Japan’s top convenience store chains are in a fight to the last square metre. There are simply too few locations left in Japan to continue the kind of organic growth that has maintained the sector over the past 10 years, so all five leading chains have massive store opening programmes this year to grab as many of the remaining potential locations as they can. The sector might well hit 50,000 stores by year end, and the top five will further consolidate their share to about 80%. Next year, however, with fewer places to put new stores, growth will come to a halt.
Apparel retail prices continue to rise
Apparel retail prices have been falling in the last decade even while unit sales have risen but there are signs that prices are on the rise. While higher costs are one reason, retailers are also finding consumers increasingly willing to pay more for more, whether in design or quality, presaging better sales and profits for many.
Online retailers fear Amazon
Amazon is growing as quickly and with as much innovation in Japan as anywhere else. While its initial entry caused fewer waves than, for example, Walmart, with the e-commerce sector now the fastest growing channel of all, domestic companies have suddenly woken up to the fact that they have an advanced, aggressive foreigner near the top of the sales rankings. Realising just how much of a threat it is, competitors are beginning to react.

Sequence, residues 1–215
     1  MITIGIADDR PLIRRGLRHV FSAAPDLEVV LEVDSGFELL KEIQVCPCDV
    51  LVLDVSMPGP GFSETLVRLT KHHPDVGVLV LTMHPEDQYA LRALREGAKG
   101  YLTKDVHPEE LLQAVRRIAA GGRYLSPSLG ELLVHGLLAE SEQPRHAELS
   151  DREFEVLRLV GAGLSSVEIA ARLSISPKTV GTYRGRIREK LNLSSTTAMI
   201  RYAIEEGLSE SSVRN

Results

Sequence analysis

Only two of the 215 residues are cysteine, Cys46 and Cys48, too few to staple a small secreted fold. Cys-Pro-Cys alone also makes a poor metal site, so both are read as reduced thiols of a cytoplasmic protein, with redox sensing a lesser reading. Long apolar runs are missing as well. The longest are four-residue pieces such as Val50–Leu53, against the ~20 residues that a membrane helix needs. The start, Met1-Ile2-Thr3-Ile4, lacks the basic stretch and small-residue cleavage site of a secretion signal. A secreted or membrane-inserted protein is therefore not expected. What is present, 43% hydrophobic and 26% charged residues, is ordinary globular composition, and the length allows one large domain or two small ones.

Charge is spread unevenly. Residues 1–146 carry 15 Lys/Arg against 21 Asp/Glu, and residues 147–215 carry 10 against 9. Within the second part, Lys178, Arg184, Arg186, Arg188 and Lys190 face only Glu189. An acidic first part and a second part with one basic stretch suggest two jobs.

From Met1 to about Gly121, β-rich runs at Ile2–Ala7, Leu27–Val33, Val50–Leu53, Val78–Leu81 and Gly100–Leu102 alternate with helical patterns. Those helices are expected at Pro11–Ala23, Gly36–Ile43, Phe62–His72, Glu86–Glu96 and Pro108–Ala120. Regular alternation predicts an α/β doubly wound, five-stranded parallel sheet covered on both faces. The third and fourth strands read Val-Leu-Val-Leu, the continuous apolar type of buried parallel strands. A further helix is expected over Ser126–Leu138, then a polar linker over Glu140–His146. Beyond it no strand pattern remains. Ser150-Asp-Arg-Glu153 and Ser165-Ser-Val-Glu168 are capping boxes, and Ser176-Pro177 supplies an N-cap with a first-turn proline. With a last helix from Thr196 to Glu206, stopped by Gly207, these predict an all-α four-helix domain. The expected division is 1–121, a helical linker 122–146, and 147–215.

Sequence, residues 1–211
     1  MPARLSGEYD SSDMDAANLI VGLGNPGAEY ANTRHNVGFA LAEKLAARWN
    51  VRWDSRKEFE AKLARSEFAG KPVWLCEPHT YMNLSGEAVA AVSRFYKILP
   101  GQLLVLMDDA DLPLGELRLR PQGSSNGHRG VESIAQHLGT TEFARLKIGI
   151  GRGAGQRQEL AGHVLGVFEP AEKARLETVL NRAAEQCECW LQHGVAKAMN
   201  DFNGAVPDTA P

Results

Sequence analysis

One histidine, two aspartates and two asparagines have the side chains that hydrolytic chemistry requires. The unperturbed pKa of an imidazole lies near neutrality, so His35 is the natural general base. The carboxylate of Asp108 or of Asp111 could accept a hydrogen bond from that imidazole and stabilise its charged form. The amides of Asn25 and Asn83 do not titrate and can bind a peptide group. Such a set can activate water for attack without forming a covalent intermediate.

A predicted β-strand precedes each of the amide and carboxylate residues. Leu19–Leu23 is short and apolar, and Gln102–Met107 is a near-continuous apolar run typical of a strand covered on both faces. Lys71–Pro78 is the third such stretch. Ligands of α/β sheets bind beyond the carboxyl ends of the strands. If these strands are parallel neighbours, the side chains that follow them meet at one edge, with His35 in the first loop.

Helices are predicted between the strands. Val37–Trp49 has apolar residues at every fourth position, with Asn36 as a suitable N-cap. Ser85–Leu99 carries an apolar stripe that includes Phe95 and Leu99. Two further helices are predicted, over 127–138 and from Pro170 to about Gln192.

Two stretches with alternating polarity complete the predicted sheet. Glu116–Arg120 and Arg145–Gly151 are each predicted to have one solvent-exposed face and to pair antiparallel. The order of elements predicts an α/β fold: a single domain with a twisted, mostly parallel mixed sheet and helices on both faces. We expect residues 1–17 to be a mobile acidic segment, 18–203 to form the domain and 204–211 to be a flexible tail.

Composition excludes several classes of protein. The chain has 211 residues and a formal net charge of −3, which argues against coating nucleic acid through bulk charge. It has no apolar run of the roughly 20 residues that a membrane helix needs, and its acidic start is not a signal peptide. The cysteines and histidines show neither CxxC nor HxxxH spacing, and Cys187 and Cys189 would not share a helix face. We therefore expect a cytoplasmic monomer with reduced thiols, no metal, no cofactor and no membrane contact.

Sanei loses Kate Spade and Stella McCartney
Sanei International and its partner Tokyo Style have announced plans to buy more brands and launch others over the next year. Sanei itself will however lose two key overseas brands, Kate Spade and Stella McCartney.
Bic Camera and Kojima: making the merger work
Although history is against synergies and efficiencies rapidly emerging from M&A in Japan, Bic Camera may actually make its recent acquisition of Kojima work.
Sumitomo closes Lancel, sells 50% of Shop Channel